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Tuesday, August 8

Guest Blogging: From A Real American Hero

I have an extra special treat for you today! We have a guest blogger joining us to tell you all his story. He is another new Nippion (or whatever the proper term is... this was just a first guess) of about two weeks as well. Would you all please give your rapt attention and a polite round of golf clapping to a real American hero and friend as he shares his story of his first experiences here in our new "home" country...

Disclaimer: The views of our guest today are his and his alone. I do not endorse nor condone any of his comments. I would also like to add that I think all the Japanese women in the Kanagawa Prefecture of Japan should totally keep checking him out. And then marry him! Because I need to make a BFF (best friend forever) out of you!

And here is his story:

Well I made my first solo trip out into the Japan today. Of course, I've already made several forray's out there along with other fellow American's, but today was a true test to see if I could adapt and survive in a foreign land all by my lonesome...

First a little background on Japan... Japan is a an island nation, about the size of California. However, it has almost half the population of the United States and they only live on 15% of the land, as the rest is mountain or something. So as you can expect, it gets quite crowded, but other than that it is pretty much just like the United States... so much so that I've taken to start calling this strange and exotic place - American Junior. Then again, I pretty much call every country I visit American Junior, so confident am I that inside every foreigner is an American just dying to get out...

Anyways, I decided for my journey to leave base and take the train up to Yokohama. Yokohama is a big city that is pretty much part of the greater Tokyo metropolitain area. One thing a lot of people don't realize about Japan is that it is full of Japanese people... and when I say full, I do mean full. Of course me being the self-proclaimed genius that I am, I quickly picked up on this fact, that a lot of other people seem to miss... in fact Japan contains over 99% Japanese people... unfortunately for them, they do not share the blessing of cultural diversity like we do in America, and as such lack many of the great benifits, such as hip-hop culture and an army on illegal labors to do all the low income and middle class jobs that Americans refuse to work. As such, when you go out in Japan, the first thing you will notice is many, many Japanese people.

So anyways, I got on the train full of many Japanese people... one thing that was troubling, at the first train stop, this old Japanese lady sitting next to me got up and moved to another seat away from me... Hmmm... I wonder what got her panties in a bunch? Maybe she doesn't like Americans or is still mad about the A-Bomb? (Kimono Karen addition: This happened to me too! An older Japanese man that I sat next to on the train cleared his throat repeatedly showing some aggravation at my gaul of sitting next to him. He practically shoved me out of the way when we reached his train stop to get out and away from me. I was very surprised at this behavior and thought that I just smelled or something.) Oh well...all I can say is I'm glad Captain Harry Truman dropped the bomb... anything that saved the lives of half a million U.S. Marines can't be a bad thing.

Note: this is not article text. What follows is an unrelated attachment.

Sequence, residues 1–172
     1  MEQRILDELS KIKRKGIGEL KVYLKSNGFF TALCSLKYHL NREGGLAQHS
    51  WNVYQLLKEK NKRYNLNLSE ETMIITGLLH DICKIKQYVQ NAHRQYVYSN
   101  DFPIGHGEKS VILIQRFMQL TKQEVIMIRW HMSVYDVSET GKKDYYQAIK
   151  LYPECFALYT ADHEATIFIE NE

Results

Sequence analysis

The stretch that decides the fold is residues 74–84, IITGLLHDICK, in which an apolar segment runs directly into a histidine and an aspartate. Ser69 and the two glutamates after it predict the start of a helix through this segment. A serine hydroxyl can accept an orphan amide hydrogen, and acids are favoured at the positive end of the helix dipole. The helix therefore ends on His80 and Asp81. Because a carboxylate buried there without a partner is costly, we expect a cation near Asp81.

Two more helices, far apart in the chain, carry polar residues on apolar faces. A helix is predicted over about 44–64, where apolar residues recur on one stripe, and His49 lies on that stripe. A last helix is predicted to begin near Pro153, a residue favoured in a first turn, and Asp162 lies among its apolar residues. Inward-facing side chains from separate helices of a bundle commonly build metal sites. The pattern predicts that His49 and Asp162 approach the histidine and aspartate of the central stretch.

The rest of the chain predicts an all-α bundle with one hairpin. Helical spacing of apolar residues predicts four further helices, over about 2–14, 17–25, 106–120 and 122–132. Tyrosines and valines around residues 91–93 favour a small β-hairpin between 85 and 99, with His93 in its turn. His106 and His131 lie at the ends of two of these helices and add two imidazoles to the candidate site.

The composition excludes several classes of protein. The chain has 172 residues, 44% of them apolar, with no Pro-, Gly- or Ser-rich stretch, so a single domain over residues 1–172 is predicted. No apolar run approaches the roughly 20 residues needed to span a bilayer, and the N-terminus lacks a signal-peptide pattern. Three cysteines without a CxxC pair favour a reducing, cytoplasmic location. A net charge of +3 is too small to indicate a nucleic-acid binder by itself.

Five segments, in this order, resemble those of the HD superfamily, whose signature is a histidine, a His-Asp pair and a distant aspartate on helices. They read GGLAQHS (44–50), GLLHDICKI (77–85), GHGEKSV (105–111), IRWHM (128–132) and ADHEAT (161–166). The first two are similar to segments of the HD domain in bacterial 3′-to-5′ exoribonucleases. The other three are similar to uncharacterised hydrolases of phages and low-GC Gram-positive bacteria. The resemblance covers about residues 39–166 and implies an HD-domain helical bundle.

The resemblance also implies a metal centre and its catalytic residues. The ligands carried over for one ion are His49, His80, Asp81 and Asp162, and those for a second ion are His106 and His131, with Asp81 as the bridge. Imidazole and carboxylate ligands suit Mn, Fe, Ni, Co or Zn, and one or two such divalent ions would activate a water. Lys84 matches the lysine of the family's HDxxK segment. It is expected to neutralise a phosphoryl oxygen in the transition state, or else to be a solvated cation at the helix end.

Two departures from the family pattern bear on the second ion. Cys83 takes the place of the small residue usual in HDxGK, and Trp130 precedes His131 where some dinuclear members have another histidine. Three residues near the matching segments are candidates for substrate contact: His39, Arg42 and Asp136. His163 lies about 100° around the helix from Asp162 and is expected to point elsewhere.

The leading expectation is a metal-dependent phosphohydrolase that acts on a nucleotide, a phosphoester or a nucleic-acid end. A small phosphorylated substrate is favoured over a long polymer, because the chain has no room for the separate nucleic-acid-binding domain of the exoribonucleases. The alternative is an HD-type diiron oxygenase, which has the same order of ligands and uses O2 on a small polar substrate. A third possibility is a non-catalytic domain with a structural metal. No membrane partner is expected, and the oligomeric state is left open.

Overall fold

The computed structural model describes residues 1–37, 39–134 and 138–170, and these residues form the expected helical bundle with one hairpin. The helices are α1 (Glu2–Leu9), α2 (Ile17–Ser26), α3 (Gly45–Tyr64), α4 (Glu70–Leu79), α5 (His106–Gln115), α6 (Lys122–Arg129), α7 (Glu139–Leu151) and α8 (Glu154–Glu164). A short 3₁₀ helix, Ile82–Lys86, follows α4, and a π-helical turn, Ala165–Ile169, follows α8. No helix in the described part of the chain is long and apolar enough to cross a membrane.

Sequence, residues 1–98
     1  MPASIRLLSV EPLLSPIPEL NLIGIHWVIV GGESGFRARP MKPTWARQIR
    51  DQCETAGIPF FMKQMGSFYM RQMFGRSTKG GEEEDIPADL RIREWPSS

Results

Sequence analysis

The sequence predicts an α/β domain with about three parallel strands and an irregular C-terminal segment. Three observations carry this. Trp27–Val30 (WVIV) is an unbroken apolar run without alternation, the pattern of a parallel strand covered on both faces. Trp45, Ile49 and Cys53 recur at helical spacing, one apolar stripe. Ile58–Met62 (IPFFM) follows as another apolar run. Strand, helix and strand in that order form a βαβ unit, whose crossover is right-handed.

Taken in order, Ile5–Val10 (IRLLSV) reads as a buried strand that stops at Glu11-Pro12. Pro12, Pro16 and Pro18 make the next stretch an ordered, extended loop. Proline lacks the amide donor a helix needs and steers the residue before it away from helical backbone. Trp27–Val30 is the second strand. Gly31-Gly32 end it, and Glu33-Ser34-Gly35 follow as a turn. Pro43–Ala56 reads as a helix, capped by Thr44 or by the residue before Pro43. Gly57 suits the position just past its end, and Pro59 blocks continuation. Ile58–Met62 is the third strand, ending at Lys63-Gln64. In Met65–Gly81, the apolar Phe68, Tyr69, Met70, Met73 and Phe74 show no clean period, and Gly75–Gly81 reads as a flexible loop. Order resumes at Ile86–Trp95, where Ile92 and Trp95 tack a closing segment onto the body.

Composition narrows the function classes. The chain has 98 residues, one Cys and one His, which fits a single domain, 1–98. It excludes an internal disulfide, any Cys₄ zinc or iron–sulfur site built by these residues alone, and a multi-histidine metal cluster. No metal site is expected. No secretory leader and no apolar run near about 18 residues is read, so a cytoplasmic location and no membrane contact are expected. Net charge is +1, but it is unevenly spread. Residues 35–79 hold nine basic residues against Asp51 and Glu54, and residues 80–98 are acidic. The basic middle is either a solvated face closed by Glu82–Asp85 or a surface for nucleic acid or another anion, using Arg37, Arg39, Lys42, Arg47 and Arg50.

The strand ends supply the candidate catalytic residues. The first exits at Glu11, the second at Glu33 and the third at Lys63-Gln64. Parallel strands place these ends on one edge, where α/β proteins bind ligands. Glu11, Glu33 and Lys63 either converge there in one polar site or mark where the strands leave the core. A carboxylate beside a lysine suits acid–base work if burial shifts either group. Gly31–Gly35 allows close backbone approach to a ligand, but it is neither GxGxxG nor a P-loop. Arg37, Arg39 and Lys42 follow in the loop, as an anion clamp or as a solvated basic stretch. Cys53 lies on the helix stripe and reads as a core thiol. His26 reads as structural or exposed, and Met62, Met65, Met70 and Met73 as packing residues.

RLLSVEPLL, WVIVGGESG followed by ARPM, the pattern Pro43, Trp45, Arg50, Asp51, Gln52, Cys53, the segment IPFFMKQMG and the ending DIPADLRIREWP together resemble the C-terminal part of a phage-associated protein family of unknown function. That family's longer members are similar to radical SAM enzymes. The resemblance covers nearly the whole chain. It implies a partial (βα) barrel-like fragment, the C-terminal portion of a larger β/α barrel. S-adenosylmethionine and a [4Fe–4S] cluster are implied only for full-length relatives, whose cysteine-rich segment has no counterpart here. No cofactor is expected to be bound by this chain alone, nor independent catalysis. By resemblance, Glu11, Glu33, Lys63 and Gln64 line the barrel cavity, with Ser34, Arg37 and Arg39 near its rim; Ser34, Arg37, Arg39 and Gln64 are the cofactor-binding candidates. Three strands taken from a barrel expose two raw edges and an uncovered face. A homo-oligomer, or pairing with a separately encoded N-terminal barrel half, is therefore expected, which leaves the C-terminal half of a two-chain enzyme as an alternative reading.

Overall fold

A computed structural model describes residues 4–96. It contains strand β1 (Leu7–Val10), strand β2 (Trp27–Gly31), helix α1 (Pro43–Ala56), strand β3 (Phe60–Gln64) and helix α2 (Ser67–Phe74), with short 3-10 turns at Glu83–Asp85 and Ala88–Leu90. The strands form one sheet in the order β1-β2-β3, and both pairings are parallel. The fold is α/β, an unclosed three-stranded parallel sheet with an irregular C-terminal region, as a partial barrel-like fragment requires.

But in a larger sense who cares what some old lady thinks... I'm more concerned with the opinions of the young ladies myself... many of whom I've caught secretly checking me out. (I guess somethings cross all inter-national boundries.) Oh they are appear quite shy, like timid tit mice, scurrying to and fro in the shadows, yet inexplicabally they find themselves drawn closer and closer to the wolf's lair... but I digress... back to my trip.

One thing you will notice about Japanese people is that they are rather conservatively dressed, very nice and exceptionally polite. I did however come across a few interestingly dressed people. While wondering around lost in a construction site in Yokohama, I passed a Japanese gentlemen wearing a shirt that said "State of Michigan, Detroit City" and it had a picture of a big truck on it. I laughed to myself as I realized that I was walking around his city completely lost and out of place, yet I felt perfectly safe (Japan has one of the lowest crimes rates in the world), but if that guy (or anyone of us actually) was wandering around like that in good old Detroit, he would would be immediately killed and eatin'. Next I passed a guy wearing a shirt with a Rebel flag on it that said 'These Colors Don't Run'. Ahh... good to know that the South will rise again - even in Japan. Still I had to laugh as I don't really think this guy would have faired much better in the Jim Crow South than the other guy would of in Detroit. Finally I saw a Japanese biker dude wearing a shirt that said "Fuck Ken." I don't know what that meant - I can only assume he has a grudge against that Ken guy who hosts Most Extreme Elimination Challenge. (KK: Who doesn't love this freaking show?) Oh also, Japanese don't really ride motorcycles, but rather little motor scooters... but if you have your woman on the back of the scooter and you are wearing a "F Ken" shirt, then you are pretty much every bit as much a Harley dude as anything Daytona ever produced.